One interesting dimension of this, which I couldn’t get into for the short talk, is that health in this context is going to be relative to a conception of the good. For example, the cultural context that supports the health of American Liberalism does not support the health of an individual who commits to the values of the KKK. The neo-Nazi will find Liberal speech toxic, insofar as he or she absorbs it, and the Liberal will find the neo-Nazi’s racist speech toxic. A fuller treatment of this topic requires digging into the ways that we become capable of hearing the diatribes of the other conception of the good without becoming damaged by it. It will be interesting to see how this functions.

Why is it important to recognize toxic speech?

It is all about avoiding damage, to enhance and maintain personal freedom and autonomy. The devastating power of acutely toxic speech makes it obvious that it must be recognized and avoided. Sub-acute and chronic toxicity also need to be recognized and avoided, and we are lucky that there’s more time to combat those effects.

How should we combat toxic speech? 

The classic answer, from John Stuart Mill, is to combat it with more speech, but the idea that such give-and-take could always or generally work is somewhat undercut by the toxicity analogy. Mill is surely right about using “more speech” where we have the give and take of reasoned responses. But toxic speech requires different approaches—antidotes, vaccines, that sort of thing. There is actually research in social psychology, pioneered by William McGuire (Yale) in 1964, that looks at inoculation strategies for blocking harmful ideas. Looking into this literature is my next step.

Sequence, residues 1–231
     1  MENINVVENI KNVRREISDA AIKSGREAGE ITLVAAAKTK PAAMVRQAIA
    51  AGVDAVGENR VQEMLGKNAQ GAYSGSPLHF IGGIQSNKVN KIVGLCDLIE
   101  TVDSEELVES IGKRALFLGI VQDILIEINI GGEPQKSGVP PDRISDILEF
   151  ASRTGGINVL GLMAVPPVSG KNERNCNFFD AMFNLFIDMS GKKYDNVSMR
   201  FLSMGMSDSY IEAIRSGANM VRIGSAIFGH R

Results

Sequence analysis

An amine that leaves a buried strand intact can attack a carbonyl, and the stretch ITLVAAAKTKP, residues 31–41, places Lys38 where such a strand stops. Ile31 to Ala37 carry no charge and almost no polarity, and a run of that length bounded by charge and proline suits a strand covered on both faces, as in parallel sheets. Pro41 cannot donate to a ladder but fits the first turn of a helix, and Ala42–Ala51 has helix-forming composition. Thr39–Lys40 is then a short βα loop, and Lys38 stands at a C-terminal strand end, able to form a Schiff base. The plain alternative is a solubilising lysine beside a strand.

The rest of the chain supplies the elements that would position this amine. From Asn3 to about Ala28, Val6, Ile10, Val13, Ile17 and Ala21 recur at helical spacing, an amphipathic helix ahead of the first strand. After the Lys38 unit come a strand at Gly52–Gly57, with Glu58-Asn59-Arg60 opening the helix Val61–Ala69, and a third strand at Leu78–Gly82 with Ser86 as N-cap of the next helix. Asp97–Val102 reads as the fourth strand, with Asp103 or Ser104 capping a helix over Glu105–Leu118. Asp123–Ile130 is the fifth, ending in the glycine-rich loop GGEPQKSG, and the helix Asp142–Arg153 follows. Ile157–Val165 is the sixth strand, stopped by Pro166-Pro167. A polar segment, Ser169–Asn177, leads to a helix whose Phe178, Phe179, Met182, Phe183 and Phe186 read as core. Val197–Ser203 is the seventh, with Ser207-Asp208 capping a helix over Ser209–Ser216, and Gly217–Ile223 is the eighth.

Did attendees approach you to discuss your ideas?

Yes, many people stayed after to share stories, ask questions, ask where they could read more.  I made my business cards available, so people felt welcome to get in touch. A few have.

What do you hope that people took away from your presentation?

I hope they will think about what they say and what they hear around them with an eye to mental health and overall well-being. Maybe they’ll think about which assaults on their dignity are toxic and which are mere slights, and find the resources to strengthen their immunity to the toxic assaults.

Why did you participate in the Night of Philosophy and Ideas?

Well, first off, it seemed like fun. Second, I’m chair of the APA Committee on Public Philosophy, and this was a major public philosophy event. I was keen to see how it unfolded.

How did you find the experience of presenting in that forum? One of the purposes of this sort of event is to highlight academic philosophy, but in what ways did you present differently to how you would present at an academic conference? 

It was a delight. In 20 minutes you can really only introduce or sketch a topic. I gave a short updated version of a talk I had given at Cornell in November. Usually at an academic talk where there is more time to develop the account, I explain the background theory I’m working with, drawing on Wittgenstein’s concept of language games, bringing in work from Sellers and Brandom, and showing how the internal moves we make within our language games can have powerful action-engendering force in the rest of life. Here, I just mentioned the value of tracking entrance moves, moves within the game, and exit moves that sanction actions. I waved my hands in the direction of my research into the role of language in the genocide in Rwanda, but couldn’t say much.

It was lovely to meet your son too! As a millennial with a philosophy major, what was his impression of the evening?

I know Matt (Sperry) enjoyed it very much, so I sent him your question.  His overall view was that it was “a great event, very relevant topics, good selection of speakers—would love to help with one in Boston!” In more detail, he writes: